First, Tunnell skied Bennett easily in Atlanta on April 30. But Bennett got a tiny dose of revenge by “skying” Tunnell on Sunday in Dallas.
Atlanta tweeted about this latest chapter, and the always engaging Bennett joined the conversation.
Of course, the AUDL has latched onto the discussion, showcasing Tunnell and Bennett’s on-field interactions. One might call it hilarious poetic justice.
The legend continues: Tunnell vs Bennett pic.twitter.com/X1vpGym3W0— AUDL (@theAUDL) May 23, 2017
This week’s tale of dicey airport decisions comes from Atlanta’s Matt Smith, who shares what happened when his teammate made a last-second realization that nearly cost him dearly.
“One of our rookies, Josh Bush, almost didn’t make the flight to Austin,” Smith explains. “He was there on time, but as we’re waiting in the security line he realized he had left his wallet in the car, probably about a mile away. He gives his bag to Vickroy to take through, and after running back to get the wallet, he gets his ticket and goes through security again…only to realize at the front that his ticket says ‘John Bush’ instead of ‘Josh Bush,’ so he’s sent out again. Fortunately, an airline employee expedites him through security after re-ticketing him, and he’s the last to board the plane. However, Vickroy, who clearly doesn’t fly much, had left Josh’s bag out in the gate assuming he would see it on his way in—I know, I know, we can all hear the ‘no unattended baggage’ PSA over the speakers even now. Josh has to run out and grab his bag, which miraculously had not been confiscated, and hustle back on the flight before finally finding a seat and taking off.”
Thankfully, he made it. Bush, a former D-III national champion at Georgia State, recorded seven goals and four assists on the weekend.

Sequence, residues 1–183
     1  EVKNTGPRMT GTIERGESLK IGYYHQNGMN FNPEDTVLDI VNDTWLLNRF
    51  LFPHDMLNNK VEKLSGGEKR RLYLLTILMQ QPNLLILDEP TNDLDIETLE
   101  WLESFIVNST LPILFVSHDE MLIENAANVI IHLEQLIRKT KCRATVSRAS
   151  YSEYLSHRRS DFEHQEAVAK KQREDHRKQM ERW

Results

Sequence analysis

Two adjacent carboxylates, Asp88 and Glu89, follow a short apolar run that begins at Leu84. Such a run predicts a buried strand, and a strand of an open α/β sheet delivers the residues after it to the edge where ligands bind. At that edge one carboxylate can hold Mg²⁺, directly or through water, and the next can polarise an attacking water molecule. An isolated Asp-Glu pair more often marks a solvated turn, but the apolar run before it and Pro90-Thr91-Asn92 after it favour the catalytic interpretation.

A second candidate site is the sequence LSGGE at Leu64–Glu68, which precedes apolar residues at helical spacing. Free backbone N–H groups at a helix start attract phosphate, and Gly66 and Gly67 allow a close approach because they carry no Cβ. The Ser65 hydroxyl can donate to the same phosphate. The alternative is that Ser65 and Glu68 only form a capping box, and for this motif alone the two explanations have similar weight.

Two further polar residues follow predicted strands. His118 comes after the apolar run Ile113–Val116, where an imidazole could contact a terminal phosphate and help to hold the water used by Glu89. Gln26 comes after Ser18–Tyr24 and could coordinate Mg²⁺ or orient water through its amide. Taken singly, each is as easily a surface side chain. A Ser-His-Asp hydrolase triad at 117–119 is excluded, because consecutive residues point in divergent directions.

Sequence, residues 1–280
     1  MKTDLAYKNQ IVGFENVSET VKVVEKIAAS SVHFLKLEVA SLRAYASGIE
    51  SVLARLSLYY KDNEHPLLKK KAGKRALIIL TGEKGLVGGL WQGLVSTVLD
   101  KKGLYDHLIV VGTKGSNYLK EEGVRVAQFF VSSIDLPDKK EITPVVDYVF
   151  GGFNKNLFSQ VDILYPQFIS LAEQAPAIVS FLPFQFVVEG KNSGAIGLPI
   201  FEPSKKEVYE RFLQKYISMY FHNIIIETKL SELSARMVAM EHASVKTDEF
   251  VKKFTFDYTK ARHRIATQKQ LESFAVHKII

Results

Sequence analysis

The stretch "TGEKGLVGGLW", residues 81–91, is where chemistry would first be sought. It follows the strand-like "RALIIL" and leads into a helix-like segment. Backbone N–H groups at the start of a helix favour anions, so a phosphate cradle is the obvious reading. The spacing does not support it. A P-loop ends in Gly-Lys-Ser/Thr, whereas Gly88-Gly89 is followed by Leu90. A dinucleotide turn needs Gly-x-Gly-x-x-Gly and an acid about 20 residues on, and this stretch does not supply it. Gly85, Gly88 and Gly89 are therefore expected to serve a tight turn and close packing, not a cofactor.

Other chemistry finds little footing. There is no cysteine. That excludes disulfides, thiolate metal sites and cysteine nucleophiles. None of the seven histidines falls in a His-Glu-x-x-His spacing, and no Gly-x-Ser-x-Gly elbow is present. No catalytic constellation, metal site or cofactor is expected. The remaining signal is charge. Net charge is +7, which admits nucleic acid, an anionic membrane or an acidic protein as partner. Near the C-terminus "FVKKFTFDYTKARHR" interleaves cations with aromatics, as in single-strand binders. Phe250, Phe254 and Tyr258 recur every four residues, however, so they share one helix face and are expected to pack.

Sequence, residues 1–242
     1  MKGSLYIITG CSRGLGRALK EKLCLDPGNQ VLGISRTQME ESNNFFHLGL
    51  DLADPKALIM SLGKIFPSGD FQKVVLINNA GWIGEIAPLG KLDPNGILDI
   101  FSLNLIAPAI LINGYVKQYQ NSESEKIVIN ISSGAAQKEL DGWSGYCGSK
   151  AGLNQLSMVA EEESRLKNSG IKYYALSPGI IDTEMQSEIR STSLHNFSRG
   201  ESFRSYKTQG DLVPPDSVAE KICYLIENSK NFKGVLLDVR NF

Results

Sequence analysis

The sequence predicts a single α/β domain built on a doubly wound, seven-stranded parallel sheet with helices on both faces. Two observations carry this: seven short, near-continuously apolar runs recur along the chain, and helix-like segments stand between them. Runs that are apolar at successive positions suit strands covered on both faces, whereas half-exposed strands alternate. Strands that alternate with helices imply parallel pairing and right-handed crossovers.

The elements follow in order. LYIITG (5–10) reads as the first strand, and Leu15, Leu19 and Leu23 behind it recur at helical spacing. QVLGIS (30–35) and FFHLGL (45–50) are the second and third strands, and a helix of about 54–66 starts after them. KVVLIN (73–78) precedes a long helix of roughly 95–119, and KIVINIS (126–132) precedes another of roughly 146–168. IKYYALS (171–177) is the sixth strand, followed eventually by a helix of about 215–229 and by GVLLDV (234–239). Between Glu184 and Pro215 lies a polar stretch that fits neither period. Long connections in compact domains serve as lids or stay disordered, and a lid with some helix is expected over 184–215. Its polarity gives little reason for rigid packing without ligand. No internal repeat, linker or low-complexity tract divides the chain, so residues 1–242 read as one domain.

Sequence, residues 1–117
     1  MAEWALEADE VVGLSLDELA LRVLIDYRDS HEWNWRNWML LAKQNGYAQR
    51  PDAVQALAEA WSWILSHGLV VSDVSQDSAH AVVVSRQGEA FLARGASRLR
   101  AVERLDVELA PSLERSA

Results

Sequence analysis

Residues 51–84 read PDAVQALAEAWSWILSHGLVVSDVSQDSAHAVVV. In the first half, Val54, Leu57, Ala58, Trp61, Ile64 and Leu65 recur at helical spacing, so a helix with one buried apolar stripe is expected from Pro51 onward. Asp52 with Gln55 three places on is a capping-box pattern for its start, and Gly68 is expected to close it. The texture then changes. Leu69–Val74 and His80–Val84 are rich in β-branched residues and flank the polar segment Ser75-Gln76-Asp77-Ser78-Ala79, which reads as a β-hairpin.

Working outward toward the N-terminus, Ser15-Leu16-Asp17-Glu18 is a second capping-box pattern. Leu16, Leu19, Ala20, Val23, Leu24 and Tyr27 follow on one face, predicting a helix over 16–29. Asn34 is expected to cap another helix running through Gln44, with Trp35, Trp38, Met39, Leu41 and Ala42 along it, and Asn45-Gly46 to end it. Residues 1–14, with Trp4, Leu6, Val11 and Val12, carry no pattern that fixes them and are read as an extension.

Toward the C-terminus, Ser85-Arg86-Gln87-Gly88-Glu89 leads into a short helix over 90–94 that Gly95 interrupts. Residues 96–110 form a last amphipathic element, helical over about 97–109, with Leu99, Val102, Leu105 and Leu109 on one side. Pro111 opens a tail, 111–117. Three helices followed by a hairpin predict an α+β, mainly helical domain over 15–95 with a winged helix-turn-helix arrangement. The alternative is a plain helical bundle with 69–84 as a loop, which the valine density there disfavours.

Seven On The Line
1. The Minnesota Wind Chill used a dominant first quarter to play from ahead again in a wire-to-wire 26-17 victory over the Detroit Mechanix on Saturday. As the only undefeated team in the AUDL, the 6-0 Wind Chill have consistently gotten off to good starts. They have only trailed in the second half in one of their six games, at that was a short-lived one-point deficit to Indianapolis on May 6 in a game which they eventually won by three. “The team is really encouraged by the 6-0 start, but we absolutely understand the challenges ahead of us in June and July,” said Ben Feldman, who led the Wind Chill with six assists against the Mechanix. “Our sole focus is winning the Midwest Division, a goal that has not yet been accomplished in team history. There is no question this is the deepest and most committed team the franchise has ever seen. The effort and intensity at practice is incredible. We continue to take it one game at a time and are really looking forward to hosting Chicago this upcoming Sunday.”
Game highlights between Detroit and Minnesota.
2. Speaking of the Wildfire, the men of the Windy City tasted triumph for the first time in 2017 with a sizzling second half on Sunday against the Mechanix. Believe it or not, Chicago’s lead was just 11-10 before the Wildfire closed the game on an 11-2 run to rout Detroit 22-12. A few upwind scores early in the third quarter triggered the avalanche that buried the visitors, who were playing their second game in as many days. “I was happy in two regards,” explained Chicago Coach Adrian King. “One, we executed our game plan, which was to maximize their throw count and now allow any easy upwind points. Two, we played hard all the way to the end. We had a stronger second half than our first half, which is indicative of our persistence.” Throughout the game, the Wildfire fired a ton of deep shots to prevent the Mechanix from having a short field. Primary handler Pawel Janas would usually look for Michael Pardo or another deep cutter shortly after the pull. It led to a slew of turnovers—Janas finished with 10 throwaways—but the strategy ultimately paid off. Janas registered six assists, while Pardo tallied six goals and four Ds. At 1-4, the Wildfire are only a game and a half behind Pittsburgh in the race for the final playoff spot in the Midwest. “Overall, the team’s mentality has shifted for the better this year,” said Pardo, who leads the team with 19 goals and 11 Ds through five games. “We’re a younger squad that had a lot of turnover, but we really are getting better every game. I think we can hang with any team in the Midwest. Our losses to Madison and Minnesota came from our own mistakes, and I wouldn’t be surprised if we snagged an upset this season.” Chicago will have a chance to shock the Radicals in Madison this weekend. The Wildfire are the only Midwest team to ever have won at Breese Stevens Field. Of course, that happened 1,472 days ago, a 16-15 result back on May 12, 2013.